The 'Squad' Is Slipping Parts of the Green New Deal Into Legislation Piece by Piece

The Green New Deal died in the Senate last year with no hope for revival in the Republican-controlled chamber. But progressive lawmakers are looking to breathe new life into it by breaking off sections of the sweeping plan that aims to combat a warming climate—and Joe Biden could play a major role in helping them do it.

Some Democrats, most notably the group of first-term congresswomen known as "The Squad"—Alexandria Ocasio-Cortez (N.Y.), Ilhan Omar (Minn.), Rashida Tlaib (Mich.) and Ayanna Pressley (Mass.)—have tucked pieces of the broad bill into other measures as part of a strategy to adopt portions of the climate plan but also set high standards for future legislative battles.

They and other Democrats in Congress have also appeared to push former Vice President Biden to adopt more progressive proposals in his campaign plans that call for carbon-free electricity by 2035—a sign that an expensive, comprehensive climate deal could receive fresh attention if he secures a win over President Donald Trump in November.

Why the Green New Deal isn't dead
Democratic presidential candidate Sen. Bernie Sanders (I-VT) (L) and Rep. Alexandria Ocasio-Cortez (D-NY) hold a news conference to introduce legislation to transform public housing as part of their Green New Deal proposal outside the U.S. Capitol November 14, 2019, in Washington, D.C. Photo by Chip Somodevilla/Getty

"The hallmark of the Green New Deal was including everything in one package. I'm not sure we see a lot of appetite for that," said Nathaniel Keohane, senior vice president of the Climate Environmental Defense Fund. "But certainly, to the extent that there's room for and energy around major investments in clean energy infrastructure, making clean energy a central part of the economic recovery—we're seeing that."

For example, Ocasio-Cortez included an amendment in House Democrats' $1.5 trillion infrastructure bill passed earlier this month that repealed the Faircloth Amendment, lifting restrictions on building new public housing and was part of the Green New Deal's clean infrastructure push. Tlaib and Ocasio-Cortez also have included text about "disadvantaged communities" in new bills on the environment and the infrastructure proposal.

In addition, Omar has introduced three standalone measures derived from the Green New Deal for housing, recycling and jobs, and is working on a fourth to end corporate subsidies to polluters.

And as they did last year, House Democrats included several clean energy and climate-centric provisions in their appropriations bills for fiscal year 2021.

All of these have a long way to go before they're passed. (As has happened in the past, most of the climate initiatives in the House's budget will almost certainly be stripped by Senate Republicans in order to reach a deal). And to be sure, the Green New Deal that's been touted by progressives as the grand fix to combat a looming crisis and set America on the path to achieving carbon-zero emissions hasn't become law.

But with this head start, progressives believe they've laid the foundation for higher expectations in future legislation if Biden can clinch the election.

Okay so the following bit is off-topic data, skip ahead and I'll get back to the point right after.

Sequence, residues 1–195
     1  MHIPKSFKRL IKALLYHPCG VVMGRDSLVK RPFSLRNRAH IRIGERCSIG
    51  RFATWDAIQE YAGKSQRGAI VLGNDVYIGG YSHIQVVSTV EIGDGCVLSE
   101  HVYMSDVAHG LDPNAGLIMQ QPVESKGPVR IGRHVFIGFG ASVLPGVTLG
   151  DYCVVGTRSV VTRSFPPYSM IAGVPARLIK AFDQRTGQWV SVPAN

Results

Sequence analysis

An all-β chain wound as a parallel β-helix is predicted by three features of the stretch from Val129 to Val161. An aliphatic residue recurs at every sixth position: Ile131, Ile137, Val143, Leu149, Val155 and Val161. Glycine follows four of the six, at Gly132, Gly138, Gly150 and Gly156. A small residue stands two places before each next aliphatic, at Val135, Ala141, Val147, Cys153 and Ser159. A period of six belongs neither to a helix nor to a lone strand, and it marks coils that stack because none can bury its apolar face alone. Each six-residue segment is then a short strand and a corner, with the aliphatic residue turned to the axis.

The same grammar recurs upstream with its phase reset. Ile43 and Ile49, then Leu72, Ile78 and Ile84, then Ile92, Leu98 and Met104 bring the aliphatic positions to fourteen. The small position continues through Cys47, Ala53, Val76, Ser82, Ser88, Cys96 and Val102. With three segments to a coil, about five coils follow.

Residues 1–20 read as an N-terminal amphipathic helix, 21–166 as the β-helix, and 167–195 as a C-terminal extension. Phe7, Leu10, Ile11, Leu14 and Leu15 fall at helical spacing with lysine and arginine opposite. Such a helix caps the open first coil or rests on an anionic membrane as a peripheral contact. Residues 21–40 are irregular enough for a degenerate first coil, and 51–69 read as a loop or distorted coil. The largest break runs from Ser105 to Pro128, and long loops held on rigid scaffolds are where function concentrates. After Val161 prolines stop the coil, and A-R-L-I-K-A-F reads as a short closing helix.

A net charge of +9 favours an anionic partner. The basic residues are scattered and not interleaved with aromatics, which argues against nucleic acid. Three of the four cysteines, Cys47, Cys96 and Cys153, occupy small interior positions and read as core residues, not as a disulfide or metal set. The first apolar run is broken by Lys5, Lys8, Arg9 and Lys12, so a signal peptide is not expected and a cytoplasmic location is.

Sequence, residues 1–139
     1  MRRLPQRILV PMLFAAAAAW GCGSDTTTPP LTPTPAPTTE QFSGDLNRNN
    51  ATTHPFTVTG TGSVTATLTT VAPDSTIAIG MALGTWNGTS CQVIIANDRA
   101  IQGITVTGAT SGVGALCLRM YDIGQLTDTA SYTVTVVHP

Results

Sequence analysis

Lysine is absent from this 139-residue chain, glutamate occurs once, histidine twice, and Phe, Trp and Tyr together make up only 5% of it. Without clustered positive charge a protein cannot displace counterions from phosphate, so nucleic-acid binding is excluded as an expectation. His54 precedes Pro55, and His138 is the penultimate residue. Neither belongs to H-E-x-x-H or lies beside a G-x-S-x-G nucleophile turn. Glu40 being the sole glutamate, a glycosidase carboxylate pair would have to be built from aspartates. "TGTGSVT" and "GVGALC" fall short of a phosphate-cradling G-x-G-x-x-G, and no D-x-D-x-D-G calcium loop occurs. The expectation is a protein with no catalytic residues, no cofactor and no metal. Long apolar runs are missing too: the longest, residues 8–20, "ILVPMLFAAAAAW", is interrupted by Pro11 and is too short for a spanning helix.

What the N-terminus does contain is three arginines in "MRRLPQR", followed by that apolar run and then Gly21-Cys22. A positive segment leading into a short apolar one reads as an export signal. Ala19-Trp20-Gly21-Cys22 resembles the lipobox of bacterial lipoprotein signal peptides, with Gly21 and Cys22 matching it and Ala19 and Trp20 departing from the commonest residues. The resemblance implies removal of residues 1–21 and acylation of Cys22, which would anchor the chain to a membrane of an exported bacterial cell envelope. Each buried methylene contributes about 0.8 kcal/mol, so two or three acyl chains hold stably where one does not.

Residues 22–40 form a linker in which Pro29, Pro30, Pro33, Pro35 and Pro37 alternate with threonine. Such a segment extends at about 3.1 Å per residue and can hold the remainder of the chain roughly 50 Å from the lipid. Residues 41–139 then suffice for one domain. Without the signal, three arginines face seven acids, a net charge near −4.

Biden unveils climate plan
Democratic presidential candidate former Vice President Joe Biden speaks at the Chase Center July 14 in Wilmington, Delaware. Photo by Chip Somodevilla/Getty

"There is no vaccine or cure to reverse the catastrophic damage caused by climate change," Rep. Ilhan Omar (D-Minn.) told Newsweek in a statement.

Ocasio-Cortez's office did not respond to several inquiries from Newsweek for this story.

For Democrats and climate activist groups, the push for the Green New Deal could soon see a huge boost. Getting Biden in the White House and flipping the GOP-controlled Senate—two scenarios that polls suggest are increasingly likely—would give Democrats all the power they need to enact whatever climate change policy they please.

Although a President Biden might be hesitant to approve legislation that closely resembles the Green New Deal—an idea his campaign says is simply a "crucial framework"—an environmental package he released last week was considered a shift to the left by many that makes inroads with progressives by including Green New Deal-like provisions.

The $2 trillion, four-year climate action plan features setting the U.S. on a path to 100 percent carbon-free electricity by 2035 and net-zero carbon emissions by 2050 by investing in clean energy and infrastructure. The vision was praised by liberal and climate activist groups, as they press lawmakers to include clean energy initiatives in forthcoming economic pandemic relief being negotiated in Congress.

"Progressives and moderates need to realize it's not an either-or proposition," said Brad Bauman, the former executive director of the Congressional Progressive Caucus. "There are a lot of things contained in Biden's proposal that represent the bedrock of what needs to happen in order to get to the Green New Deal in the first place."

Still, some feel far more must be done to address an existential crisis.

Sunrise Movement, a climate activist organization with close ties to Ocasio-Cortez, said that while it feels congressional Democrats and Biden now back more ambitious goals to fight global warming, more immediate action should be included in any further economic aid.

"It's a governing agenda rather than just one bill...It's not like we're failing because we haven't seen one massive bill," said Lauren Maunus, Sunrise's legislative manager. "We've shifted the needle on approach to policy and scale but still nowhere near where we need to be."